How Can Sound Be Used in Multimedia?

Below are several examples of ways that music and sound can be used to alter, enhance, and further connect an audience to a lasting multimedia experience.

Place Judgement

Music and sound can place a commentary on a moment, scene, character, object, or idea in which pushes the audience to perceive the moment favorably in one direction or another.  


Musical and sonic motifs are small bits of sound (melodic and harmonic material in music) to make us feel connected to something specific. By attaching motifs to characters, or objects, we are giving a precise hint of the significance of the character or object to the storyline. It also is a way to remind or foreshadow of events without seeing the character on the screen.


Music can set the scene of a movie, literally. It also allows the viewers to be able to know what genre the film is in, and the depth of it’s intentions. 

Evoke Emotions

If the sun were the visuals then the music and soundscape would be the magnifying glass. Music can serve the audience by helping push the emotional feeling of a moment over the edge. Take a moment where an actor has a relatively relaxed face, but with sad music, we are pushed strongly into that emotion. 

Emotional and Intellectual Manipulations

Music can be used in a very sophisticated way to manipulate, trick, confuse, or bribe an audience on certain story points. There are numerous times in films where music portrait a character as trustworthy only to find out they were the bad guy all along. Music can help pull us closer and/or push us further away from any character all throughout a film. 

Change Time

Music can alter time physically by changing the speed of the beats, but the perception of this can make us feel a rushing or dragging. This rushing or dragging gives an intensity that augments or truncates the perceived effect of a scene. Music slowing down in an already stagnant scene will make it feel extremely long. 

Design Unreal Environments

Music and sound have the ability to create what otherwise would be surreal, impossible, shocking moments such as nightmares or dreams feel relatable and more immersive. 


Music helps clarifying a location, time period, culture, and overall heritage of the characters in a movie. We see this in many movies in ethnomusicological approaches such as Memoirs of a Geisha by John Williams where it’s stylistically very intelligent to other movies that have a cultural sound, but aren’t fully authentic. Either way, the effect is strong in establishing this location.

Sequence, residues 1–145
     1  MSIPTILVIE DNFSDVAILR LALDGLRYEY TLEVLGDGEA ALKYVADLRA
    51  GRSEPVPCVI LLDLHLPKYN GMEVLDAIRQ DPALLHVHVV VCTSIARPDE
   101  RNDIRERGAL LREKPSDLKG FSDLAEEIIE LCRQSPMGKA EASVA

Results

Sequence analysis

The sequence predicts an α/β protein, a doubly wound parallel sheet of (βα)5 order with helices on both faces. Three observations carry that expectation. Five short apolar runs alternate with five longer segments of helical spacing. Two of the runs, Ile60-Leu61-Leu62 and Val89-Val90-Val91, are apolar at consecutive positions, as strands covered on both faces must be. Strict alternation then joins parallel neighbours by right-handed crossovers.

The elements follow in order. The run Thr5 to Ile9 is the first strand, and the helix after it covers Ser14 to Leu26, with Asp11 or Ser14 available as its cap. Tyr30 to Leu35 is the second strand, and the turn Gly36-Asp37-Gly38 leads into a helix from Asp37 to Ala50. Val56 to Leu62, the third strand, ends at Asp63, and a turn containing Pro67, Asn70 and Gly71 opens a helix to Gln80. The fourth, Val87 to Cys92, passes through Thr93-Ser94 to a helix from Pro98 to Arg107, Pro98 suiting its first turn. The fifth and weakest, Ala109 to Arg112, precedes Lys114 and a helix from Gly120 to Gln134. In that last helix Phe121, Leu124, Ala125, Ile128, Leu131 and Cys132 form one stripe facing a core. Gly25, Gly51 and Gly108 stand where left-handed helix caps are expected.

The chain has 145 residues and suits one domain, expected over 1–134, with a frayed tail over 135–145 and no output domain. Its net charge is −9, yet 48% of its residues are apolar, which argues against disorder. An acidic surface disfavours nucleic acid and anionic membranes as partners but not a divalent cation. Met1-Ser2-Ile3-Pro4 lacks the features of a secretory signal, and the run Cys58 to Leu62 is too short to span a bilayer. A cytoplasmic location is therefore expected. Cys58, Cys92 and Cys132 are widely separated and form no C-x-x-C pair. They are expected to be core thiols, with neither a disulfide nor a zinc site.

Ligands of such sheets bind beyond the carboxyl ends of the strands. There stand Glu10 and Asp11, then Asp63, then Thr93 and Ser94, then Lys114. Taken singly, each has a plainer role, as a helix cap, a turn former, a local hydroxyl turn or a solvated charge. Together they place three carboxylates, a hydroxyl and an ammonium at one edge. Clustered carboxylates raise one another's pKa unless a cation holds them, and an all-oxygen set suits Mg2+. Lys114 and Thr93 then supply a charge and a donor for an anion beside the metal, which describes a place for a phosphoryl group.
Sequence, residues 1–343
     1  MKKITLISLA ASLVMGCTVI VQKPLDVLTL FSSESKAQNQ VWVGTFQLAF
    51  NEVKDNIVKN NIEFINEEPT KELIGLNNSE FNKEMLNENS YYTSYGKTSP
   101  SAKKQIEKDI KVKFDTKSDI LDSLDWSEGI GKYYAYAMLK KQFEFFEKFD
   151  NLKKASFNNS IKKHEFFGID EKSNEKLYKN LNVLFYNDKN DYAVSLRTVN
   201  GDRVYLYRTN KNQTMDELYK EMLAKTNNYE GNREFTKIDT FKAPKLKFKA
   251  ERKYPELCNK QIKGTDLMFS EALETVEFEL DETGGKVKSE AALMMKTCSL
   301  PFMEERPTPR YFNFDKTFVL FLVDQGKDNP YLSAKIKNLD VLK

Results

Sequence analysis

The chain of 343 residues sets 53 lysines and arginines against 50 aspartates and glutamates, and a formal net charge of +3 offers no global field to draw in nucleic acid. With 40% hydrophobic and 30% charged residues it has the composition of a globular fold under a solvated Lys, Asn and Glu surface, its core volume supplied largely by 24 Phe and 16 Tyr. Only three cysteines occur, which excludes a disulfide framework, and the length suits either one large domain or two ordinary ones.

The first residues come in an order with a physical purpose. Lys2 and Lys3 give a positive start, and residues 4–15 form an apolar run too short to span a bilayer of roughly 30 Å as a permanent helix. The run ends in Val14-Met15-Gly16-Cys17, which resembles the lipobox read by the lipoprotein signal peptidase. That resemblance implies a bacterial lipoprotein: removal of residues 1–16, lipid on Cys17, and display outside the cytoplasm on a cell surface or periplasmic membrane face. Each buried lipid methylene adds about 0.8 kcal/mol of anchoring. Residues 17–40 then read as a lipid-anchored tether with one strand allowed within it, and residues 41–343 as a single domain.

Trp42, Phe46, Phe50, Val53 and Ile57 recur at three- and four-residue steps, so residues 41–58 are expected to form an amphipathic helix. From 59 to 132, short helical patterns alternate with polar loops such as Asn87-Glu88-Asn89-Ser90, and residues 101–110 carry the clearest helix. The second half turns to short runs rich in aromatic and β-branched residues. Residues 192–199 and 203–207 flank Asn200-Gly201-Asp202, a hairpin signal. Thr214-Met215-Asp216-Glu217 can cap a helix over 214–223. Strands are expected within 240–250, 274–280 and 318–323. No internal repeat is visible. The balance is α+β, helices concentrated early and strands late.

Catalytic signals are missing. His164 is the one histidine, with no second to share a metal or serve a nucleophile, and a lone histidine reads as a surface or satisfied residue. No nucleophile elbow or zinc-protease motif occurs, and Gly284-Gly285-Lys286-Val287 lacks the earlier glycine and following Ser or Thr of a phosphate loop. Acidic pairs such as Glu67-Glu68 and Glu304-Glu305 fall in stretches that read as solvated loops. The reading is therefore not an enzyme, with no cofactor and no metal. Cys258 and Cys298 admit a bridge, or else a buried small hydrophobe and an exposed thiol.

Montages and Transitions

Music is the glue between scenes, and often we hear tails of sound that fade out longer to overlap with the next scene. Other times we hear music intentionally transition between scenes that can prepare us for what would otherwise be a very abrupt change. 

Physical Preparation

Music and sound can stimulate and condition us physiologically. Remember the racing heart, sweaty hands, or watering mouth as seen from movies and commercials? That’s it at work. 

Group-Level Emotions

Music and sound can bring us together to think as a whole. Often documentaries are great at capturing an audience to all agree on one common thread that the story is discussing. This is often part of the “feel good” moment at the end of a film.


Characters are able to express parts of themselves in song that you didn’t know about them previously. Can you imagine seeing any animated movie musical without hearing a song from a character that develops their personality more?  

Size from Small to Large

Music and sound can make us feel that the grandeur of outer space is larger than life, or they can make us feel like quiet and alone. The physical orchestration of a piece, and the loudness, mix, etc all control how we perceive musical and sonic size. 


Music and sound can make you hear something as happy or childlike but perceive it as scary. This contradiction in writing is one of the more subtle ways to influence the audience. 

Comedy and Parody

Music and sound can push us to find a scene or moment funnier. We all know moments where we hear silly punching sound effects, horns, etc that make us laugh. This same idea goes for music where it can be so over-the-top that we have to laugh. 


This is a sonic technique that comes from the original Mickey Mouse cartoons where each musical note reflects a physical movement on the screen. Each footstep is the pluck of a string, etc. This is a very comical effect and often feels out of date unless adapted.

Contrasting Relationships

Music and sound can take several elements of these ideas and combine them. If there’s a small bee flying through a forest and it’s at night, perhaps we hear a light melody over a dark background. Alternatively, the bee could be an underdog superhero bee coming to save all nests. In this case we would hear the foreground being huge and rich, energetic, etc while the background was more subdued.